The Justice Department has launched a task force to find pandemic aid fraudsters across the country – it’s only now that the true extent of the loss is being realized. 

“Early indications in some states point to massive problems,” said NBC. 

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The Corruptocracy, by Robert Gore

Most political philosophy is just an elaborate justification for theft and fraud.

What’s called the silent majority is really the ignored majority, who for the most part are happy being ignored. Their lives revolve their families, jobs, friends, and community, not the media, publicity, polls, or politics. They’re sick of elections well before they’ve seen their hundredth campaign ad, received their hundredth mailer, or ignored their hundredth telephone call. They know that politicians are phony and corrupt and make jokes about them, but hope that their rulers don’t screw things up too badly, cross their fingers, and vote for the perceived lesser of two evils.

There’s a shortage of blue-ribbon pedigrees, Ivy League degrees, and gold-plated resumés among the ignored majority, but a surfeit of hard-knocks wisdom and common sense. Benjamin Franklin said, “Experience keeps a dear school, but fools will learn in no other.” Everybody does foolish things, but by and large, the ignored majority learns from the dear school and puts its lessons to good use.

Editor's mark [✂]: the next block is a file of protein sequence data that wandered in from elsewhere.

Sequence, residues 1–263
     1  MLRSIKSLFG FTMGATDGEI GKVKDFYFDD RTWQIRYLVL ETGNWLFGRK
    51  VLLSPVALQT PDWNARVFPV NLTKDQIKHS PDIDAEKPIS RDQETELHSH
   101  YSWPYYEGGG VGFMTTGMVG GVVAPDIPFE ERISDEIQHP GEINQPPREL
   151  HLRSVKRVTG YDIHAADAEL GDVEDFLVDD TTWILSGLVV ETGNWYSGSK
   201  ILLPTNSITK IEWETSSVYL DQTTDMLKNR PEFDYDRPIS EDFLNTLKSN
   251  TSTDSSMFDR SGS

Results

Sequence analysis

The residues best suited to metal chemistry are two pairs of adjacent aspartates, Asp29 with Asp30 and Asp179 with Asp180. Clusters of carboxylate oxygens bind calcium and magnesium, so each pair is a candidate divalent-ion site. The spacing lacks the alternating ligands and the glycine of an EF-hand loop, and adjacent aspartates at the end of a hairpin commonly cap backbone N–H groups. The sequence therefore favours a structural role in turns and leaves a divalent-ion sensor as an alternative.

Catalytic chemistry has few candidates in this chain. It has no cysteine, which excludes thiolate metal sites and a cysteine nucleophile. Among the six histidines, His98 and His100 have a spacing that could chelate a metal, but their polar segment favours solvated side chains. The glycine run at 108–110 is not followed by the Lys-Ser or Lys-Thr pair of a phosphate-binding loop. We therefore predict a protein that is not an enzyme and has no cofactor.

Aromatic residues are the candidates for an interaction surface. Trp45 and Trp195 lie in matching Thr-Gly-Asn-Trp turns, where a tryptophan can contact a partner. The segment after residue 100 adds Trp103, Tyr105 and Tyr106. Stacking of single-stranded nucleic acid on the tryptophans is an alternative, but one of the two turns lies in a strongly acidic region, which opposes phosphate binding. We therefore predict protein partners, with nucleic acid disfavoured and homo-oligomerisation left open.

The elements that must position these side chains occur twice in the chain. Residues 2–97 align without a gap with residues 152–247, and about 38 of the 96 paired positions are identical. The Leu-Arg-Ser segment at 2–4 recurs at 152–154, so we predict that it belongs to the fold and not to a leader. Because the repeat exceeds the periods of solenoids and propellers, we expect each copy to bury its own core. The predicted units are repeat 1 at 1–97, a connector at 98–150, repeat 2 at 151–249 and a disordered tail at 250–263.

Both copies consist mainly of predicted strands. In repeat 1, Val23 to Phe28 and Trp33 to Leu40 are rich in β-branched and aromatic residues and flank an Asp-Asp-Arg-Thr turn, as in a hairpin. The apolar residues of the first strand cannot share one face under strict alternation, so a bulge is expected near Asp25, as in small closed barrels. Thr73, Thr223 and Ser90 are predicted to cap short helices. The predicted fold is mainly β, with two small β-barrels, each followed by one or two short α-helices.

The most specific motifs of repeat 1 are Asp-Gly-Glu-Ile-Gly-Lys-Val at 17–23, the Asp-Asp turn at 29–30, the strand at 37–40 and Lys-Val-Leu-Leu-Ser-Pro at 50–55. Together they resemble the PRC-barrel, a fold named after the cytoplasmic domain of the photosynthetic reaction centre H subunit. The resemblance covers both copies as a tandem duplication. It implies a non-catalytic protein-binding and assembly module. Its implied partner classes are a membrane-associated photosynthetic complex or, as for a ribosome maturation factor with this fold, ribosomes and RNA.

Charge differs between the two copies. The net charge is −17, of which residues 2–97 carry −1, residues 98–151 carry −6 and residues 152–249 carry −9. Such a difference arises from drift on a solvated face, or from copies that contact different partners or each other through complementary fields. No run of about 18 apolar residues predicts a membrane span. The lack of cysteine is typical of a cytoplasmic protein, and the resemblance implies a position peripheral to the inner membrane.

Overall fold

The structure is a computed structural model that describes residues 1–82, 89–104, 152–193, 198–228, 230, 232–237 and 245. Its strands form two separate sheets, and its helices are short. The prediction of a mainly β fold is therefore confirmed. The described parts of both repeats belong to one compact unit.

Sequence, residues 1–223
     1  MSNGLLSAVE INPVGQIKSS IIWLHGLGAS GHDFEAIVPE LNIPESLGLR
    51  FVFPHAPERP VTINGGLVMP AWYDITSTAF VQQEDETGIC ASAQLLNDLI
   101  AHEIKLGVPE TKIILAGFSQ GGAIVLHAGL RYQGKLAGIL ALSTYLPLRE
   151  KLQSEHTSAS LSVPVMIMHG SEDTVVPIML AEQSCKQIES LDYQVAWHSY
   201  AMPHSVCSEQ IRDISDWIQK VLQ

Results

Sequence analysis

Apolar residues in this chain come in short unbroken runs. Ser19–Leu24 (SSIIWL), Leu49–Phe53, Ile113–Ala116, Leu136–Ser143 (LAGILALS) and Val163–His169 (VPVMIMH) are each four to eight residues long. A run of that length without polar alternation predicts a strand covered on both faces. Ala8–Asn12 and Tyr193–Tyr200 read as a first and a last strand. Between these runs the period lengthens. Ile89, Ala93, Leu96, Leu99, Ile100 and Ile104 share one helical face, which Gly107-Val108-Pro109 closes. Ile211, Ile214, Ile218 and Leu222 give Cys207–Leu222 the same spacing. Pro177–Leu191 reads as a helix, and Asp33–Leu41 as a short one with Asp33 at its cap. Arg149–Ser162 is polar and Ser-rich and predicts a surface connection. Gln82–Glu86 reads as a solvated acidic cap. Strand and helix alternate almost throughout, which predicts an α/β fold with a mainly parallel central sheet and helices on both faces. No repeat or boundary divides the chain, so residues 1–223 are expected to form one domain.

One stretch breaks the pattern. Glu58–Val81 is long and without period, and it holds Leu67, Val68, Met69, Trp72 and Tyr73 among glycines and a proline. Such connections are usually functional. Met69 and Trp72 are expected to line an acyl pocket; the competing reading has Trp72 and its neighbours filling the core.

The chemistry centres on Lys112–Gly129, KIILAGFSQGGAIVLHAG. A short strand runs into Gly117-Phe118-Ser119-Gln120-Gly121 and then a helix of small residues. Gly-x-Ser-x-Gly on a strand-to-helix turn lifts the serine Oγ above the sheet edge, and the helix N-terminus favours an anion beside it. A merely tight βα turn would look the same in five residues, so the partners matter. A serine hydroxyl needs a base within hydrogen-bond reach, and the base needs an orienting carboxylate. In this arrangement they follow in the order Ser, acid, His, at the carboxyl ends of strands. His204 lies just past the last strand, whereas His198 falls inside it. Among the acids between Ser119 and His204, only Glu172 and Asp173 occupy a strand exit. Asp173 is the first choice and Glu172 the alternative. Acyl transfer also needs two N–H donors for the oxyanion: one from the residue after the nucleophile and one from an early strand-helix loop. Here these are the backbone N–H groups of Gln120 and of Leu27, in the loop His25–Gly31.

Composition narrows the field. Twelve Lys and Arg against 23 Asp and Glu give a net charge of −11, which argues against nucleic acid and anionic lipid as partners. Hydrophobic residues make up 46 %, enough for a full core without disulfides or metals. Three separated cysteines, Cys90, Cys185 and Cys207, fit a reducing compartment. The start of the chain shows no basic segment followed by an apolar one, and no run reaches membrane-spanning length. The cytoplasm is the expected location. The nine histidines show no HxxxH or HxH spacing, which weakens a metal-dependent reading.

The gilded class denigrates those outside it: Hillary Clinton deploring the “deplorables,” Barack Obama saying working-class voters, “cling to guns or religion,” and Obama telling entrepreneurs, “you didn’t build that.” Yet, it consistently, almost invariably, demonstrates a complete lack of the common-sense street smarts found in abundance among those it disparages.

The quotes’ condescending arrogance rankles, but at a deeper level illustrate the real division in American politics—between the productive class and those it supports. At the intellectual level it’s the irreconcilable difference between those who believe that value can and should be conferred by the government, and those who know it must be created and produced. It’s believing or not believing that something can be had for nothing.

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Freeloaders’ delusion stems from psychology, not ignorance. Every human faces a choice. They can produce value or they can beg, borrow, defraud, or steal it from someone else. For every advance humanity has made, there’s always been someone claiming their unfair share. Most of what we call history is merely an account of who’s stealing or defrauding from whom.

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(Government) Spending is Theft, by Ron Paul

All those dollars government spends come from somewhere, and government’s only revenues are explicit taxes and inflation taxes. From Ron Paul at ronpaulinstitute.org:

Imagine being robbed every time you receive a paycheck, but once a year getting some of the stolen money back because the thieves took more than they intended. Would you be happy about it? If you are like most Americans the answer is yes, since most people are grateful when they get a partial “refund” of the taxes the government withheld from their paychecks. A tax refund means more taxes were taken out of your paycheck than you legally owed — in other words, thanks to withholding you gave the government a no-interest loan.